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Are there gender differences in banking behavior?
New survey data finds men and women differ in their banking attitudes and behaviors—but that the variation is influenced by generation. How can banks capitalize on this knowledge?
January 23, 2019
A blog post by Val Srinivas, banking & capital markets research leader, Deloitte Center for Financial Services.
There is considerable research on gender differences in financial decision making. A number of studies conclude that women, on average, are less risk-seeking than men.1
Meanwhile, the purchasing power of women in the global economy is increasing rapidly. They account for a significant proportion of consumer spending in the US, and in terms of financial assets, have 40 percent of global wealth.2
But little is known about the dissimilarities between men and women in banking behaviors beyond some generic conclusions. Are women more satisfied with their banks than men? Are men more likely to use digital channels rather than branches when applying for a loan? And what is the difference, if any, in their likelihood of switching banks?
Here I present findings from our global banking survey. (See the articles we have already published on this topic.) I focus on data for the US3 market to control for other factors, such as cultural ones, that may influence gender differences.
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Looking at bank satisfaction by gender
In this survey, first we measured consumers' overall satisfaction with their primary bank (the bank they rely on the most). Overall, there is a meaningful distinction between men and women—77 percent of women versus 73 percent of men are completely or very satisfied (see figure 1). But these differences vary by generation. A greater proportion of Baby Boomer women than Boomer men are satisfied with their bank, but there is no statistically significant gender difference among Millennials. I found this very interesting. Are Millennial women and men more similar in their attitudes and behaviors, compared to their older cohorts?
*Note: Differences in the total sample, and among Gen X and Baby Boomers are statistically significant at 95 percent confidence level.
But it appears such a generalized statement cannot be made based on the satisfaction data alone. In looking at switching likelihood (see figure 2), the contrast between men and women is mainly driven by the disparity in the Millennial sample. Millennial men are significantly more likely to switch banks (22 percent) than Millennial women (13 percent) in our study.
Similarly, while women overall show a greater preference than men to use branches when applying for a loan, the gender variance is starker among Millennials and Gen X (see figure 3). Nearly two-thirds of Millennial and Gen X women prefer to visit a branch, compared to only about half the men in our sample. In contrast, Boomer men and women show the same level of preference, although it is markedly higher than other generations.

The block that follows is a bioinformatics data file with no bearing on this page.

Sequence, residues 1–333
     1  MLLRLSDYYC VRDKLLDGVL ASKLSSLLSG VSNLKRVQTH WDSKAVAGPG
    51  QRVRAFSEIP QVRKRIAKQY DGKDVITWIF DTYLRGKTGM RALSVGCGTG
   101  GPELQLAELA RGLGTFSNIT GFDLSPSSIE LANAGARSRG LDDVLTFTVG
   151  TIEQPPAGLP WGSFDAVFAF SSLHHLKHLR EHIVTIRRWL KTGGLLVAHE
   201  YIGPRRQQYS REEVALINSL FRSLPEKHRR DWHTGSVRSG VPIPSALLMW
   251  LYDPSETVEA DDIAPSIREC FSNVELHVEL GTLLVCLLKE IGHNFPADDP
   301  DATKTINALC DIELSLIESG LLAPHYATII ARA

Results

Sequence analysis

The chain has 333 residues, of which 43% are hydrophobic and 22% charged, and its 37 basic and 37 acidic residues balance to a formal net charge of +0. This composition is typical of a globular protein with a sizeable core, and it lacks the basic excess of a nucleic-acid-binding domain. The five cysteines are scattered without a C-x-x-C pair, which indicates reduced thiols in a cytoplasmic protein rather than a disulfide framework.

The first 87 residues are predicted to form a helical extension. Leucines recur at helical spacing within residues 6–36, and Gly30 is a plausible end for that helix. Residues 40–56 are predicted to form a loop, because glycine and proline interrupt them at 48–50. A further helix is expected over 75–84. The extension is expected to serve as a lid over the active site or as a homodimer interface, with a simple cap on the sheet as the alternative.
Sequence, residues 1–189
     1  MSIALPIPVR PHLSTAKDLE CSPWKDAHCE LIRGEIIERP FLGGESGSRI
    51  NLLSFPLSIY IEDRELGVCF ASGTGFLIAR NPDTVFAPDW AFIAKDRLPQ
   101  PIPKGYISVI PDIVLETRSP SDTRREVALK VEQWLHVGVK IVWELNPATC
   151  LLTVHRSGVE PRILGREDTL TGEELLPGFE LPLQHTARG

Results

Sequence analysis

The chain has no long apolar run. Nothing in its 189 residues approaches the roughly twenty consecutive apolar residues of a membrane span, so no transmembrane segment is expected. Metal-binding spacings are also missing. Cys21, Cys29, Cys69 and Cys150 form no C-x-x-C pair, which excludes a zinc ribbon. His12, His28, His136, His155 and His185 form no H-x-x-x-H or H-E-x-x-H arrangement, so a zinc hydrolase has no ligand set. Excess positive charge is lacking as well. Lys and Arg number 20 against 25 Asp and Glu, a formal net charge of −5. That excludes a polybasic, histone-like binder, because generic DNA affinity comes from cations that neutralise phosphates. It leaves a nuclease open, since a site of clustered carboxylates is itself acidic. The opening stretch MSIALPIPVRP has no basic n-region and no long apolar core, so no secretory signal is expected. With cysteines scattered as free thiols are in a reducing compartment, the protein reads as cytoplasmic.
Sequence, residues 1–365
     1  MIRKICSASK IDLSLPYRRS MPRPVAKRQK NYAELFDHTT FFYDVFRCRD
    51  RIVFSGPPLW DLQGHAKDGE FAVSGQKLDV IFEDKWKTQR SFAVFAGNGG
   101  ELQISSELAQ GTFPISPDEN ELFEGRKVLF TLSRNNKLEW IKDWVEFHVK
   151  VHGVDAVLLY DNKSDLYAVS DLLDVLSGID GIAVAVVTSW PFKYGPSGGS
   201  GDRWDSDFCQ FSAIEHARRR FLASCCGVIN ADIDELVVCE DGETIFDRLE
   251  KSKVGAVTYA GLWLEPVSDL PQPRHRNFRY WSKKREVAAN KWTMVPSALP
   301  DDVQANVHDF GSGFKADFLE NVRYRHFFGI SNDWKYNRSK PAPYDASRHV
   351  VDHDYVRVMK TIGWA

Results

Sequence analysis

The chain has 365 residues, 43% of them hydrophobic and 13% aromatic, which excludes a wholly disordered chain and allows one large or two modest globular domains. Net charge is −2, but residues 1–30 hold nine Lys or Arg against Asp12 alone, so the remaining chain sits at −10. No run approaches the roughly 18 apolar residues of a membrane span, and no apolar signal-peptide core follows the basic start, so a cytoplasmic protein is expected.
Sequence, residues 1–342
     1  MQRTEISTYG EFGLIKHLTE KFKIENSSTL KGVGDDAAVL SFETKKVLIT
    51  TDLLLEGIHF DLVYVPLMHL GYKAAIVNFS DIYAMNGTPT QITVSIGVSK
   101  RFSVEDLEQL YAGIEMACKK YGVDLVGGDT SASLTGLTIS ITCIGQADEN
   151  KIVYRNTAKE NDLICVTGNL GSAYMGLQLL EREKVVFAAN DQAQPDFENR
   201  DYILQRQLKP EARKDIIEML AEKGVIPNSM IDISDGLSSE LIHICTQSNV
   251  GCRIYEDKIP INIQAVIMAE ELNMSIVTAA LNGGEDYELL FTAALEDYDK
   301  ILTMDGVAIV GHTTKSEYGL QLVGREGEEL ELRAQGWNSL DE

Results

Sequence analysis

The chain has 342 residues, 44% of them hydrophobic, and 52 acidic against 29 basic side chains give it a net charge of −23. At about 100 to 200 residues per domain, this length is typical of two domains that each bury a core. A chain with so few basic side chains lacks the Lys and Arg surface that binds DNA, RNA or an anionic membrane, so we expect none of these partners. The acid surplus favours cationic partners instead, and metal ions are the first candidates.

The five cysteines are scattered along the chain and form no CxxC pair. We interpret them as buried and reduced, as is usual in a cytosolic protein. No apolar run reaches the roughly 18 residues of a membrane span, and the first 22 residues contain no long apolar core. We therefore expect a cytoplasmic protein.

*Note: Differences in the total sample, and among Gen X and Millennials, are statistically significant at 95 percent confidence level.
We also found some notable contrasts in digital banking behaviors, particularly in how online banking is used for bill payments. Gender disparities among the age cohorts are significant only in the Millennial group—62 percent of Millennial women do their bill payments via the online channel in contrast with only 53 percent of Millennial men.
*Note: Only differences among Millennials are statistically significant at 95 percent confidence level.
The above data from our survey indicate that men and women can differ quite a bit in their banking attitudes and behaviors. And, more interestingly, the variation is influenced by generation, but not in a consistent way.
The impact on banks
So, you might ask, what do our findings mean for banks?
It seems to be that banks generally do not adequately account for gender differences overall—and just as importantly—for generational differences among women in the way they market their services. This may well be appropriate if there are no consequential differences in the needs, preferences, and behaviors among different generations of men and women, but our study shows this is not the case.
Based on the above analysis, the main takeaway for me is that the relationship between gender (and age) and banking patterns is real and more complex than the generic stereotypes and cliches currently out there. Banks need to beef up their research and spend more time taking a deeper dive into analyzing these patterns to understand why the discrepancies exist. They can then use that knowledge to better market to and serve these different segments. A deeper understanding of these disparities in behavioral patterns will allow them to better serve their customers, no matter their gender or age.
What do you think?
What are your views on gender differences in banking behaviors? What more should banks do to serve their customers more effectively?
Join the conversation on Twitter: @DeloitteFinSvcs.
1 Robert A. Olsen and Constance M. Cox, "The Influence of Gender on the Perception and Response to Investment Risk: The Case of Professional Investors,"Journal of Psychology and Financial Markets, Volume 2, Issue 1, June 2012.
2 James Davies and Anthony Shorrocks, "Women and wealth," Global Wealth Report 2018, Credit Suisse Research Institute, Accessed on January 10, 2019.
3 The sample size of the U.S. market in our survey is 2,000.
QuickLook is a weekly blog from the Deloitte Center for Financial Services about technology, innovation, growth, regulation, and other challenges facing the industry. The views expressed in this blog are those of the blogger and not official statements by Deloitte or any of its affiliates or member firms.